TMJ After a Car Accident: What’s Causing Your Jaw Pain?

TMJ Pain after an Auto Accident in New York
Do you have a throbbing pain in your jaw, but you can’t quite determine why?
 
There are several possible reasons your jaw might hurt, from gum and teeth problems to sinus issues. However, if you’ve had a recent car accident, then that might be the culprit.
 
While people often associate car accidents with back injuries and whiplash, it’s possible that the impact could have affected your temporomandibular joint (also known as TMD or TMJ). Let’s take a closer look at the relation between TMJ injuries and auto mishaps… 

What Are The Symptoms of TMJ Injuries? 

To determine whether you have a TMJ injury related to a car crash, then you should also know what to look for when it comes to jaw disorders. 
 
When you have TMJ issues, you might notice pain when chewing, but even when talking. You may also notice your jaw feels out of alignment, and it can make a clicking noise and feel like it’s getting stuck. In some cases, you might experience TMJ pain without using your jaw at all. 
 
For some people, dizziness and even slight hearing loss might accompany the other symptoms. 
 
The joint can become swollen and inflamed, and for some people, this doesn’t begin until after they’ve been involved in an accident.  

How Can A Car Accident Affect TMJ?

You may have sore wrists, back pain, and other pain following a car accident depending on the circumstances.

However, because a car accident is often physically traumatic, it can throw your body out of alignment and that includes your jaw. That means you don’t actually have to hit your face or jaw to develop TMJ after a car accident. 

You probably experienced whiplash during the crash, which is when the impact causes your head and neck to go in all directions. This impact can also damage connective tissues in the jaw joints due to the extreme and sudden force.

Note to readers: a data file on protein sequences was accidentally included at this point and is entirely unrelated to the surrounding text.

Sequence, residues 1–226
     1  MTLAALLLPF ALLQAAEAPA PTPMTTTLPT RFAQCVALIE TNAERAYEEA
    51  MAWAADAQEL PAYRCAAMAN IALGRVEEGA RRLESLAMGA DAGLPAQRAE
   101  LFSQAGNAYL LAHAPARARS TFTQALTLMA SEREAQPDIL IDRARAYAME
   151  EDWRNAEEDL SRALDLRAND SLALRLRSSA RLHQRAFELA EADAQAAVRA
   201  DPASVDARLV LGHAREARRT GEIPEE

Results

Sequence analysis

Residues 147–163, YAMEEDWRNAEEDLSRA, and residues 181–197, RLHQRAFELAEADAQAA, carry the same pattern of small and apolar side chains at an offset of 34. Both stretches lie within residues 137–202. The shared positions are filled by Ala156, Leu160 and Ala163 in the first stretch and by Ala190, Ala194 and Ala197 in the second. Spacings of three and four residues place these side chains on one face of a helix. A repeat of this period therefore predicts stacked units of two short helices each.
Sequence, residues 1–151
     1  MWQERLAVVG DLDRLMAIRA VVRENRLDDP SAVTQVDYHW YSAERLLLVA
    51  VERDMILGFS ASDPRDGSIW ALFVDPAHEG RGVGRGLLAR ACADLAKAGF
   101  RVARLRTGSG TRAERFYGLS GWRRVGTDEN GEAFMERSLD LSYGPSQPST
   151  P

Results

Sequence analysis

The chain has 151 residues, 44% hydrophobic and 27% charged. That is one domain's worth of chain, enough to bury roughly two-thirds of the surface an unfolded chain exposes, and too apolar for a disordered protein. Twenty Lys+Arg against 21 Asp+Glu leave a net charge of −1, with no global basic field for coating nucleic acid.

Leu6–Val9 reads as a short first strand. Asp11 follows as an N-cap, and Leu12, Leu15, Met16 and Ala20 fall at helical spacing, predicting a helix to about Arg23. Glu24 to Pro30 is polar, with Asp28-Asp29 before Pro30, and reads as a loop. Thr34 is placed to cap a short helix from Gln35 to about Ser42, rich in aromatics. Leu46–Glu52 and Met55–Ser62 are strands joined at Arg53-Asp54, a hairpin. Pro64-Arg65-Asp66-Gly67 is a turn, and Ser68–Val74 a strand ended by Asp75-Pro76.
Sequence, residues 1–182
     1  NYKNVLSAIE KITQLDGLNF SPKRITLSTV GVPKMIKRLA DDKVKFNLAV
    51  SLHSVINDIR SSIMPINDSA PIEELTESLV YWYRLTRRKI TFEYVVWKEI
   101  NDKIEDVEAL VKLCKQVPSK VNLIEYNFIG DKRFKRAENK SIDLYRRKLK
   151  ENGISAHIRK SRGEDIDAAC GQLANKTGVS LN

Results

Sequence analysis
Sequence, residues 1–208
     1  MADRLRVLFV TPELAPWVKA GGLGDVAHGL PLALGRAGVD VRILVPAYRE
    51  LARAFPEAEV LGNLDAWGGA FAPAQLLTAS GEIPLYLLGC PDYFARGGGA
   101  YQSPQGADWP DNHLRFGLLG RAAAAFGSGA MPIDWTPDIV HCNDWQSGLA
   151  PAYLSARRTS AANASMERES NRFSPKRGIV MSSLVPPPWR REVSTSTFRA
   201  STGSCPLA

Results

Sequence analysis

TMJ injuries from an auto accident often happen following a rear-end collision, and the car doesn’t have to be moving very fast at all. In fact, a study looked at whether whiplash injuries can occur with a vehicle moving only 10 to 15 km/h (about 9 mph.)

Because your jaw was not directly involved in the accident, you may not automatically put the accident and the jaw pain together.

However, you may have other whiplash symptoms such as neck pain and didn’t consider the impact on your jaw joints. Add to that the fact that the TMJ symptoms might not arise for months or years following the accident.

What Do You Do Next?

Your doctor will have to diagnose your TMJ disorder and can administer treatment ranging from orthodontic appliances to anti-inflammatory medications to surgery. Massage and acupuncture can also sometimes be beneficial. 

If you think you have TMJ injuries from a car accident, then it’s wise to get it confirmed by a doctor.

Call 1-800-897-8440 today to make an appointment or to learn about your options and find a suitable medical professional in your area. 

 

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